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Interview with Fiction Character by Fiction Characters – Part 36

20 Feb

Amazon.com link to Sharon A.'s short story collection

Amazon.com link to Sharon A.’s short story collection

A story to me means a plot where there is some surprise. Because that is how life is – full of surprises.

          Isaac Bashevis Singer

As Susan Stuart, the abstract painting’s artist is dead (murdered), Detective Sergeant Fielding and Detective Larry Hutchinson have hauled in her brother Robbie Stuart. Dana Bowman, as usual has wangled her way into this interview held in the boardroom of the Thurston Public Library. The three are sitting around the back of the boardroom table right in front of the abstract painting.

All characters  (excluding Mr. Swan) are from the short story collection Beyond The Tripping Point by Sharon A. Crawford (Blue Denim Press, Oct. 2012)

Stuart (looking down at the trio): What’s this? I thought I was coming to see Detective Hutchinson about some wrap-up stuff to my sister’s death.

Hutchinson (pointing to each): Come this way and sit down Mr. Stuart. This is Dana Bowman, one of the PIs who runs The Attic Investigative Agency. And this is Detective Sergeant Donald Fielding who is in charge of the kidnapping of Sebastian Overture, who is Dana’s business partner and also her fraternal twin.

Stuart: So what’s it to do with me?

Hutchinson: First, sit down here.

Stuart shrugs his shoulders, walks to the other end of the room and sits down.

Fielding: Well, first off, this painting behind me was done by your sister Susan…

Stuart: I know that. She did it a couple of years before her death.

Fielding: …and there is this photo. (He shows the photo of Susan, Bast, and Robbie).

Stuart: Yeah, that reporter. He interviewed Susan and I just before she had her art exhibit here. What of it? Oh, I get it. You think I have something to do with his kidnapping.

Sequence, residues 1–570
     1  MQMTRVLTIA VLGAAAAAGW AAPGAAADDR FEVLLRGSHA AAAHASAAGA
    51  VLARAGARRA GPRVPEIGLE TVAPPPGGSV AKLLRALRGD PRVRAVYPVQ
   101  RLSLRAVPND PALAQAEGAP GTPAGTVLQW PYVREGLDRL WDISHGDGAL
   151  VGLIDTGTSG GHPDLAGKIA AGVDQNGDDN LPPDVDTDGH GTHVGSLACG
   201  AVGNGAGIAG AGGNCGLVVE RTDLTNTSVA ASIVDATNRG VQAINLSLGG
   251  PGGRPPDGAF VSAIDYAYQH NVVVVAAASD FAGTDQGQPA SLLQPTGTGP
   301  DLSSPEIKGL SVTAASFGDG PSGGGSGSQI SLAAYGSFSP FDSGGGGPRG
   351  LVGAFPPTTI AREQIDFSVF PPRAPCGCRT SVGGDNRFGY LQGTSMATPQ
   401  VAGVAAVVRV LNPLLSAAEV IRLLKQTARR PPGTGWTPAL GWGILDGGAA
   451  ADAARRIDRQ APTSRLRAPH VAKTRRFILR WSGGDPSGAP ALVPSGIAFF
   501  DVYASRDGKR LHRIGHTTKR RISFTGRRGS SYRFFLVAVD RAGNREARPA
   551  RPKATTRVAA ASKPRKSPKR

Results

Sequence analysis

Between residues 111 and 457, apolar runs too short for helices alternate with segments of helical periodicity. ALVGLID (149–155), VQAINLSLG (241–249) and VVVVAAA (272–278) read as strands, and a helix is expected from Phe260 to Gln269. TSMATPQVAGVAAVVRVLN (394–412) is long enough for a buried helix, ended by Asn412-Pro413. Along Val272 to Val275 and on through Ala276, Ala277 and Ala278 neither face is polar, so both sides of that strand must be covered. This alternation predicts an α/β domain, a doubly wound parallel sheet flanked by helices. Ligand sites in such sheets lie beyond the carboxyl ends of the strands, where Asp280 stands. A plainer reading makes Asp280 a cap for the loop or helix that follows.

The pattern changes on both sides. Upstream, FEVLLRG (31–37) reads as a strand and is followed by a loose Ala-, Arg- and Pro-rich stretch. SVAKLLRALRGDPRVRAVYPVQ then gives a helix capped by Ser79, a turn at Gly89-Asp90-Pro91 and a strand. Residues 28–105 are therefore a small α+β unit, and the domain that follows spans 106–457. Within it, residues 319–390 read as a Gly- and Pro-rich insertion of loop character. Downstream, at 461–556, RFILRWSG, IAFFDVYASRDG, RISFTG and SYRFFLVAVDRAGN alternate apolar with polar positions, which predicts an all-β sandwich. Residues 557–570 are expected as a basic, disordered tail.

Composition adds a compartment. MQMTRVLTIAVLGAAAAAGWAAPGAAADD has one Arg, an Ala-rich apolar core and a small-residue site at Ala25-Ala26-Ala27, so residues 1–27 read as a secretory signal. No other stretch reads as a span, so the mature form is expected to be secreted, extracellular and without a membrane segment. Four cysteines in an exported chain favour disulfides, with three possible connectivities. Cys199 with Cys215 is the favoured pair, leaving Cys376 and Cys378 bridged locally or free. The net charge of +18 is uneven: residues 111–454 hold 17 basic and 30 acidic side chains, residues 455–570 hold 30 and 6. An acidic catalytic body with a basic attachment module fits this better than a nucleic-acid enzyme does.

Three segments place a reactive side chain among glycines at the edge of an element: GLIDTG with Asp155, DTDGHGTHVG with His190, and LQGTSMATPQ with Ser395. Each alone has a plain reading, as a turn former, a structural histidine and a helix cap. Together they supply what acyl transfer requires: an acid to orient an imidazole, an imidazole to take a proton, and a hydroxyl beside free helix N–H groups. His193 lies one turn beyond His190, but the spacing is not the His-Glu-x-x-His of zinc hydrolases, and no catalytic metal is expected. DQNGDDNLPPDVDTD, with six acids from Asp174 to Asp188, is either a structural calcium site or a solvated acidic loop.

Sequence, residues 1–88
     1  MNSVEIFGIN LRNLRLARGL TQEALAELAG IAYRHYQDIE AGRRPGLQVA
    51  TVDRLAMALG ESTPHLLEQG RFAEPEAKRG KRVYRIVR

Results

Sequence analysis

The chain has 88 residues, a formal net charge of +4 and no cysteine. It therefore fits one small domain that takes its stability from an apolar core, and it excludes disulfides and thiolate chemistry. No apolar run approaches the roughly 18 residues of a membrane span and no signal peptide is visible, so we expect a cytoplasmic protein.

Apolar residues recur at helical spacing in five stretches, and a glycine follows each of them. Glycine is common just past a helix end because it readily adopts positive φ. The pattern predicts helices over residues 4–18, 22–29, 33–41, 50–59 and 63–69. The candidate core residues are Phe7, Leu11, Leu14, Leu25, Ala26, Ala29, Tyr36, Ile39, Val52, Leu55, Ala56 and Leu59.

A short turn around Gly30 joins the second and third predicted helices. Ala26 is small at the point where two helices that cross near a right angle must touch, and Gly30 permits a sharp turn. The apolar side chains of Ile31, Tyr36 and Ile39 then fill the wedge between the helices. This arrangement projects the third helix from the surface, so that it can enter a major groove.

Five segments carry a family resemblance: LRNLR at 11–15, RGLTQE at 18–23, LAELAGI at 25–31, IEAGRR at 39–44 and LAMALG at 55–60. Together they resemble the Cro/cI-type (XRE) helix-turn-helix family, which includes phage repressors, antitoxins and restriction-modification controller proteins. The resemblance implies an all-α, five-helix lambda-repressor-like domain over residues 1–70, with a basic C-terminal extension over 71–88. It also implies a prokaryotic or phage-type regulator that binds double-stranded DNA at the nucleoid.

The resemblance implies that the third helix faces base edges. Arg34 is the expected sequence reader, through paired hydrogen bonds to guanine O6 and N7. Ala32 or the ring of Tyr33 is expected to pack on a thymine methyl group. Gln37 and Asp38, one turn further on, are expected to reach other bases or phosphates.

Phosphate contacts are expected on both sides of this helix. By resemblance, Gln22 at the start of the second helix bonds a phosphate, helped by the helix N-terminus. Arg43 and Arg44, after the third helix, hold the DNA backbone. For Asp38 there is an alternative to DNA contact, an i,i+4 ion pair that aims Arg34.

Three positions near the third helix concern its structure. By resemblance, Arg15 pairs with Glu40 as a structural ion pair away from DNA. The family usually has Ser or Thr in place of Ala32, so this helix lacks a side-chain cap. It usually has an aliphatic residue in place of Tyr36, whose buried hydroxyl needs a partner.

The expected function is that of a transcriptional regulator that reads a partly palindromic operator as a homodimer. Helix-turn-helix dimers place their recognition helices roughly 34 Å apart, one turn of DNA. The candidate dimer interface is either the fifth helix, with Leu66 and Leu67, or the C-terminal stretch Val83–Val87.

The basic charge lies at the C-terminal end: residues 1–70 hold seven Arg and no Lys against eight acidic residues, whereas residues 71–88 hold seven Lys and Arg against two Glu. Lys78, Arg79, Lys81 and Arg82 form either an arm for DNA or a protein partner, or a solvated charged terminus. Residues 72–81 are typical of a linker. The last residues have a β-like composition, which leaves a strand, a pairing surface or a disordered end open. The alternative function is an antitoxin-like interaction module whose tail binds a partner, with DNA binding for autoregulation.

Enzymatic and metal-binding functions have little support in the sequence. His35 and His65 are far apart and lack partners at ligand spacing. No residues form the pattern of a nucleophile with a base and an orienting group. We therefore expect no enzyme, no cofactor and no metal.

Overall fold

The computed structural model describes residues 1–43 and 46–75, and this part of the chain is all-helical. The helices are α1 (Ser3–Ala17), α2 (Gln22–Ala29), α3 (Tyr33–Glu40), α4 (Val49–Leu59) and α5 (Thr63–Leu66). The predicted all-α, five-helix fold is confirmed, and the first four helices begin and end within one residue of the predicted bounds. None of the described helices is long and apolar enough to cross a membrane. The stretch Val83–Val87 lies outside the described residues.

Fielding: Right now we just want to find out the circumstances surrounding this photo. What exactly did Mr. Overture interview you about?

Stuart: I told you – my sister’s upcoming art show and her artistic talents.

Dana: Oh come on, Mr. Stuart, my brother used to write crime stories, not art stories. So what was he there for?

Stuart: You’re not police. I don’t have to talk to you.

Fielding: Answer the question, Stuart.

Stuart: He asked me about my father.

Dana: You mean Roger Stuart who also disappeared …

Fielding: Dana. I’ll ask the questions.

Dana: Well, ask the right ones. It’s my brother who’s missing. Surely Mr. Stuart can relate to that with his father’s disappearance.

Stuart: Yeah right. My father disappeared many years ago when I was a teenager. He ran off with his secretary and left my mom, sister and myself. It eventually killed my mom.

Hutchinson: Your mother died of cancer.

Stuart (standing): Damn right. And she wouldn’t have gotten it if Dad had stayed with her. And Suzie would still be alive.

Hutchinson: All right. We’ve already covered all this when your sister was murdered. Just answer Detective Fielding’s questions…and Dana Bowman’s too. We just need to know what happened in that interview you and your sister had with Bast Overture.

Stuart: He just asked about Dad disappearing and how it affected us, particularly if that had anything to do with what Suzie drew?

Fielding: And did it?

Stuart: Well, yeah. She painted abstracts because she said she found life, her life, anything but concrete in what happened, so she chose abstracts to show her feelings.